Ten players to watch in NRL Holden Women's Premiership
They're the big names - the most influential players in our game - destined to play crucial roles for their respective sides in the inaugural NRL Holden women's premiership kicking off next week.
Here are 10 players to watch out for and why.
Isabelle Kelly (Sydney Roosters)
A two-try hero and player of the match for the Blues in Holden State of Origin, Isabelle Kelly can be the face of the women's game for the next decade. Her speed and agility are her greatest assets and the 21-year-old sets a benchmark for rising outside backs.
Teuila Fotu-Moala (Brisbane Broncos)
Kiwi Ferns representative Teuila Fotu-Moala has made the move from New Zealand to Brisbane, the powerhouse club identifying her as a prime target early and landing her signature.
The player of the World Cup tournament last year, Fotu-Moala is an intimidating back-rower who has earned the nickname "jukebox" from Darren Lockyer for her big-hitting ways.
Kezie Apps (St George Illawarra Dragons)
An ambassador with the Dragons, Kezie Apps was a shoe-in signature for the club after moving from Bega to the Illawarra region in her teenage years. A rangy back-rower who can play on both edges, the Jillaroos representative is one of the most dominant forwards in the game and will vice-captain the Red V in the inaugural season. Look for her line-running in a Matt Gillett style of play.
Apii Nicholls (New Zealand Warriors)
An elusive fullback who was crowned New Zealand Rugby League's best player in 2017, Nicholls has made the most of her switch from rugby union to league in the space of two years to become one of the most dangerous players in the game. Nicholls linked with playmaker Laura Mariu for a spectacular try in the side's recent trial win over Auckland. Look for that combination to blossom throughout the competition.
Lavina O'Mealey (Sydney Roosters)
In the final year of her decorated career, Indigenous All Stars representative Lavina O'Mealey is an underrated utility who played in the halves alongside Maddie Studdon for the Blues in June following a season-ending injury to Caitlin Moran.
The veteran Jillaroo will link with the Tricolours before retirement and provides leadership and direction for the star-studded squad. Watch for her footwork and speed close to the line.
Ali Brigginshaw (Brisbane Broncos)
Brisbane recruit Ali Brigginshaw was one of the first signings by the club after a stellar 2017 season that included player of the World Cup final honours. The creative halfback is one of the tallest players on the paddock but has the ability to weave her way through the defensive line with ease.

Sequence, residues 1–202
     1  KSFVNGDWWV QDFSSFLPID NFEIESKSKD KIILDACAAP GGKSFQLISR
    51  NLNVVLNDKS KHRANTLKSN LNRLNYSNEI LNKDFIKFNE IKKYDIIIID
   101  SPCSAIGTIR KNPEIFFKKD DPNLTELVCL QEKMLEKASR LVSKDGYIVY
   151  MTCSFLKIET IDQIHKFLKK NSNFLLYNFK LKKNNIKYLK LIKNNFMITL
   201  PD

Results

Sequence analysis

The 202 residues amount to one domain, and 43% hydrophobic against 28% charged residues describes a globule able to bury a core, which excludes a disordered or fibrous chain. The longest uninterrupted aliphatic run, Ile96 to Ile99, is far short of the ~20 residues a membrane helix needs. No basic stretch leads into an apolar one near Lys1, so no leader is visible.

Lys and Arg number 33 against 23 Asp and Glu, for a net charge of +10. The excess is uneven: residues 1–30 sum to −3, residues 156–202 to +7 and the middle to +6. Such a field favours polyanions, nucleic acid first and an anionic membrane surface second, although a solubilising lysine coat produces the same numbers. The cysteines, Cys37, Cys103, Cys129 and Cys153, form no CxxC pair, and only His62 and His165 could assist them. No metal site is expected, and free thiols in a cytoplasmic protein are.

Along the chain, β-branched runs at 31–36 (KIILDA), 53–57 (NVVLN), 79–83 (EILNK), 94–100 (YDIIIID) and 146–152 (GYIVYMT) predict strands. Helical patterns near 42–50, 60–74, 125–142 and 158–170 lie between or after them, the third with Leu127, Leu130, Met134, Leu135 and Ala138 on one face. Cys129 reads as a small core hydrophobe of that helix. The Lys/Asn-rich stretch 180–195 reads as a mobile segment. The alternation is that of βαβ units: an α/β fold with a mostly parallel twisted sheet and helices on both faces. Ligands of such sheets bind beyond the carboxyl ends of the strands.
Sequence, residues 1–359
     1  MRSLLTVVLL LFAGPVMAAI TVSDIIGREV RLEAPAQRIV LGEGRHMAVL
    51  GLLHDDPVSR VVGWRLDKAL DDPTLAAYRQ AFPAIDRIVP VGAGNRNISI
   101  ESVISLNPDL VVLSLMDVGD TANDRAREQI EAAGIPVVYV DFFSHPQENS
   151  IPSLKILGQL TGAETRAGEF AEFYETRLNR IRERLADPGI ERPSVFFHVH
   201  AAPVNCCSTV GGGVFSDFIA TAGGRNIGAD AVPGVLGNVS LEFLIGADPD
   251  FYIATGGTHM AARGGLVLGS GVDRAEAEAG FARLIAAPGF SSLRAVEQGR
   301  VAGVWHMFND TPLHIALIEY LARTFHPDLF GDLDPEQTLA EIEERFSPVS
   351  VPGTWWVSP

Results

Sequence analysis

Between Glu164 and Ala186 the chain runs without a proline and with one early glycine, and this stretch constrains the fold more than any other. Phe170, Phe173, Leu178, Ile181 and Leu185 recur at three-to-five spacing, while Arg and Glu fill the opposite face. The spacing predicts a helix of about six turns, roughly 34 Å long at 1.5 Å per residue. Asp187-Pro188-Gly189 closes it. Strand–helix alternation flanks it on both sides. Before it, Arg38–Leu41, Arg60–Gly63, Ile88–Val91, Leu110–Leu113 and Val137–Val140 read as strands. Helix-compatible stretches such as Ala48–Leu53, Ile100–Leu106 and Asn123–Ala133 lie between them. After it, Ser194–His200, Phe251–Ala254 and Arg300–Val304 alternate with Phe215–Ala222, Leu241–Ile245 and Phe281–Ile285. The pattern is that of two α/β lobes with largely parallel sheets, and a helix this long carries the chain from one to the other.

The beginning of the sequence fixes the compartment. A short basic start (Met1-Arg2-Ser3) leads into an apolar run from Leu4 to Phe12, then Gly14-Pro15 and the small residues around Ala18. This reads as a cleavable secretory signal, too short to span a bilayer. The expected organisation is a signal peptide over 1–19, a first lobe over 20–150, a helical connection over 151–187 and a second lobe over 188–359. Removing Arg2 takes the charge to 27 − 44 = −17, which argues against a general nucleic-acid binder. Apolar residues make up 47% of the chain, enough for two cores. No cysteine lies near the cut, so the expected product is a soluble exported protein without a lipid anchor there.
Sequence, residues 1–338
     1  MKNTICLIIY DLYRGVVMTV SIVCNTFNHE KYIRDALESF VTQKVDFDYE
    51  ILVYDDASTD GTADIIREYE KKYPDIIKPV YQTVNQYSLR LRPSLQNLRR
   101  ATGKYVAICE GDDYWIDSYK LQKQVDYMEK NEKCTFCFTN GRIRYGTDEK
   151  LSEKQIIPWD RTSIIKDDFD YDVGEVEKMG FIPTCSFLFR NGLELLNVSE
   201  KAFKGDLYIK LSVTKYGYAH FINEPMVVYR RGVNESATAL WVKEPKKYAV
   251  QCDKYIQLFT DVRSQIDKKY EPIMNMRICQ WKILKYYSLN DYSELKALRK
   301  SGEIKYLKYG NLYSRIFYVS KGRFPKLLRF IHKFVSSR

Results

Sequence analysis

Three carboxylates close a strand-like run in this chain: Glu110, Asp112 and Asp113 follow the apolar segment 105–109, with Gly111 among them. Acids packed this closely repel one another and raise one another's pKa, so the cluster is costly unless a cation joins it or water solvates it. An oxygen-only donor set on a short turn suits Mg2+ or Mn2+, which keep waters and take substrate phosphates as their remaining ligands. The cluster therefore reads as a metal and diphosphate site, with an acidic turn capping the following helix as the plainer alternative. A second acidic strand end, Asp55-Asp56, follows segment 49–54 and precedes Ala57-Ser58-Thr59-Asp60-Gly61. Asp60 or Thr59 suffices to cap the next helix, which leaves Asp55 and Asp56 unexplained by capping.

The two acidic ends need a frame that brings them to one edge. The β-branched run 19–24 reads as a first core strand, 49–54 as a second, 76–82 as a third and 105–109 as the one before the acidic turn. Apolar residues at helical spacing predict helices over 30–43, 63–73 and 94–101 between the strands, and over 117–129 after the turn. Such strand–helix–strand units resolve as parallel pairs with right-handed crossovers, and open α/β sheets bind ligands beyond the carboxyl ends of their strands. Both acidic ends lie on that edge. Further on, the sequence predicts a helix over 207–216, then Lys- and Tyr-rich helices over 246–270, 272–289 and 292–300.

Brigginshaw will be vital to the Broncos' campaign and be the key playmaker in the halves.
Sam Bremner (St George Illawarra Dragons)
There was no doubting Sam Bremner's ability on the paddock but a series of injuries over the last two years threatened to derail her career.
Thankfully the speedster has made a successful return this season to earn player of the tournament honours in the Harvey Norman National Championships in May, and featured in NSW's win over Queensland, setting up two tries. Bremner will skipper the Dragons with Apps as her deputy.
Lorina Papali'i (New Zealand Warriors)
On name alone the story of Lorina Papali'i's return to rugby league is incredible. The mother of Warriors player Isaiah, Lorina will be the second oldest player in the women's competition in September. Just like her son, Lorina started in the back row in the Warriors' trial game with a solid performance against Auckland in August.
The fitness guru has an impeccable record under her belt after representing the Kiwi Ferns for a decade prior to retirement and will be looking to inspire the young Warriors pack, who have lost key forwards to Australian-based clubs for the competition.
Ruan Sims (Sydney Roosters)
The most recognised player in the women's game but Ruan Sims will be desperate to just get back on the paddock after a stop-start year that included her missing the Holden State of Origin clash in June for the Blues with a broken wrist.
Sims' rock-solid defence has been the cornerstone of her game for years and in a game that is beginning to evolve, she's showing no signs of slowing down at the ripe age of 36. Given her lack of time on the paddock this year, she'll be fresh in comparison to other players so look for her to use that to her advantage across the month-long competition.
Brittany Breayley (Brisbane Broncos)
We saw glimpses of Brittany Breayley's ability in the Holden State of Origin clash with her blindside play to set up Karina Brown for a try and her sting in defence, but the best is yet to come.
Born in Mackay, the 27-year-old has spent a decade playing the game and was a key cog in the Jillaroos' World Cup triumph in 2017. Look for her creativity and quick play out of dummy half late in games.